The Immigration Paradigm Randall Hansen University of Toronto
Immigration is the issue of our time • Each year we accept close to 1% of our population • Some 40% of them arrive in Toronto
Questions • 1. Whether an overarching Canadian identity can (or should) be maintained. • 2. About what can be demanded of new immigrants (and what they can expect from us). • 3. About dual and multiple citizenship.
Three slippages • 1. An overly lax conception of citizenship • 2. A confusion surrounding ‘multiculturalism’ and what it requires in terms of religious and other forms of accommodation • 3. A sort of democratic deficit, a diconnect between the way identity is being constructed & the way in which Canadians which to understand it.
How we are doing • Canadians hold positive attitudes towards immigration while demonstrating integrationist attitudes • Measures of discrimination, vulnerability, income inequality, and social cohesion indicate that all is not well, particularly among visible minorities of the second generation
Understanding Ethnic Diversity and Social Cohesion in Canada • Data show: • 1. Patterns of race-based economic inequality • 2. High and growing perception of discrimination
Religious and Ethnic Diversity in Canada • Much of the current discussion is about Islam • Misguided, both on the left and the right: • 1. Little evidence of any difficult with ‘Muslim’ economic incorporation. • 2. No evidence of unusual levels of anti-Muslim prejudice, ‘Islamophobia’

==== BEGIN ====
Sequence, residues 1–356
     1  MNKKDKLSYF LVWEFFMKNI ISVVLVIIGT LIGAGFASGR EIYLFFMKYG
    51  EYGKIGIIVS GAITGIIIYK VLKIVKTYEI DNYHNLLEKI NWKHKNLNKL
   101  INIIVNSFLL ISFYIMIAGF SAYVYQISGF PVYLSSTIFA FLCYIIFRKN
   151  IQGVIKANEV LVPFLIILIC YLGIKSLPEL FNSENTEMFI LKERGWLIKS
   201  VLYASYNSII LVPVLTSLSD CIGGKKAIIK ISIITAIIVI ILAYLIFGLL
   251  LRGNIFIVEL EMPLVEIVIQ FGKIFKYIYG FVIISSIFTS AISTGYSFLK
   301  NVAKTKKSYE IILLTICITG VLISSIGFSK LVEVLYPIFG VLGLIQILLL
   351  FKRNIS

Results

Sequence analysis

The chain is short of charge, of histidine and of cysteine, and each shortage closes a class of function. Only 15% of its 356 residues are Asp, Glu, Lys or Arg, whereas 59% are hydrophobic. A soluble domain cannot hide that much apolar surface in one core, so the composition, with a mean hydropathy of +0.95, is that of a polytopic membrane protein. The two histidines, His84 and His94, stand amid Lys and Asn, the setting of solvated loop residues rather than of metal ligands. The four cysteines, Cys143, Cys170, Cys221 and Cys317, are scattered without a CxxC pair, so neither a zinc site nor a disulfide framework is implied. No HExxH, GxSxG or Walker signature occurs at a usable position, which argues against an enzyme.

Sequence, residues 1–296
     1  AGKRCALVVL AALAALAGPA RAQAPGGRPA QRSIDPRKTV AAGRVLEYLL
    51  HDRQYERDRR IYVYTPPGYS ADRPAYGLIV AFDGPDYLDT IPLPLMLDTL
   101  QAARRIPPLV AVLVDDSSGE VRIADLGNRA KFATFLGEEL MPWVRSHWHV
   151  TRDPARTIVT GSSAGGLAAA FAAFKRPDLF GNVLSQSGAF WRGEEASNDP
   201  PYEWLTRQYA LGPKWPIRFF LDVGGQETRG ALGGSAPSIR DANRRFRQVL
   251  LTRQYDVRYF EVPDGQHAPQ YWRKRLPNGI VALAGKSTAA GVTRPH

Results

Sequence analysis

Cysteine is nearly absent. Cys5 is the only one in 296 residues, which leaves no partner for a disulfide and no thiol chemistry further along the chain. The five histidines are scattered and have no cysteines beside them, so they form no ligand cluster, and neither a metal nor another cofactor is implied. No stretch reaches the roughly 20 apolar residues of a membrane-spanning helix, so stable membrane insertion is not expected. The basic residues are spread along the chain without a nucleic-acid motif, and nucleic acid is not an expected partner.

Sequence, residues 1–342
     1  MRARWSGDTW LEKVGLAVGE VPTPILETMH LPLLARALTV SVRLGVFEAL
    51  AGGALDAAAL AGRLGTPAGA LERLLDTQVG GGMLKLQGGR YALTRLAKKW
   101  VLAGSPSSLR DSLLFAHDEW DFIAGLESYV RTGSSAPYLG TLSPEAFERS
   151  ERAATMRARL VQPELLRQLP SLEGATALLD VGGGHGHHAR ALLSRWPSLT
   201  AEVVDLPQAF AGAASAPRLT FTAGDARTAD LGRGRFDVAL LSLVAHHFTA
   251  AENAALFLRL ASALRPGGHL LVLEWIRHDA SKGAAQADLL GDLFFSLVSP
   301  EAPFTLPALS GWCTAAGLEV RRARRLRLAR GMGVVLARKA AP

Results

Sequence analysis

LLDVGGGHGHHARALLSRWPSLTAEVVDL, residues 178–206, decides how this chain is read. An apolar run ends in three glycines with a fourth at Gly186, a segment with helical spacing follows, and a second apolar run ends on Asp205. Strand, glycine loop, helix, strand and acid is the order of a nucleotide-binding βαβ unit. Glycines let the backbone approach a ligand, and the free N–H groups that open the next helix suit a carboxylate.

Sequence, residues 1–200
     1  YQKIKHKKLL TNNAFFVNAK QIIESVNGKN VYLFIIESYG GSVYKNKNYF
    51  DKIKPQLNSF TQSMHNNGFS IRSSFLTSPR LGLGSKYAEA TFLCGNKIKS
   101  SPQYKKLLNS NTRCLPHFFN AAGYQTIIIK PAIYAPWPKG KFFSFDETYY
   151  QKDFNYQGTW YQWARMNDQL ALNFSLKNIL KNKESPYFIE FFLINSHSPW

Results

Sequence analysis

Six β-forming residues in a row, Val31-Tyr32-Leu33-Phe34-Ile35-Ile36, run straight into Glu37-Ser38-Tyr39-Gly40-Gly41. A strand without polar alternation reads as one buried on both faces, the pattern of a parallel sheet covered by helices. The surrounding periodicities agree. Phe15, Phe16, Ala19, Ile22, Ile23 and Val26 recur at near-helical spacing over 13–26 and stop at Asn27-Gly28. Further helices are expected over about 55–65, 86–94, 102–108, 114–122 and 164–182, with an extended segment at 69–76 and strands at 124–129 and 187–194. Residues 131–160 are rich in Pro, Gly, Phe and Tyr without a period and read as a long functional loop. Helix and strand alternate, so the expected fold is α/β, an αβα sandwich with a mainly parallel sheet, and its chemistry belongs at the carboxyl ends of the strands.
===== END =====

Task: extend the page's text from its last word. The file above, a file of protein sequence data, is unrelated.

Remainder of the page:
Slippage I: Citizenship • Summer 2006: Lebanon evacuations • Framed in terms of dual citizenship: this is an error • Disconnect between naturalization and belonging • Declining levels of belonging overall
Slippage II: Multiculturalism & Accommodation: the reasonable accommodation road show • Two basic confusions • 1. Multiculturalism and group rights • 2. Common laws, differential effect, and discrimination
Slippage III: The Democratic deficit • Canadians are profoundly integrationist • Opposition to rhetoric is driven by an intellectual intellectual elite.
Softer measures • Recent controversies and elite representation • Sharia Law • Public Funding of Religious Education in Ontario
Conclusion • Changes require a retooling, not a radical recasting of policy • They are fully consistent with high levels of integration • If we attend to these, we can confidently look forward to the next century of immigration
Policy suggestions • 1. Raise the citizenship requirement from 3 to 5 years with a tighter link with citizenship • 2. Reweight language requirements more heavily + consider language training and tests at the early post-arrival stage • 3. Change little in multicultural policy, but place the accent more on a common framework uniting new and old Canadians, view immigrants not as culture-retainers but as new participants in a common political project embbeded in a secular public culture.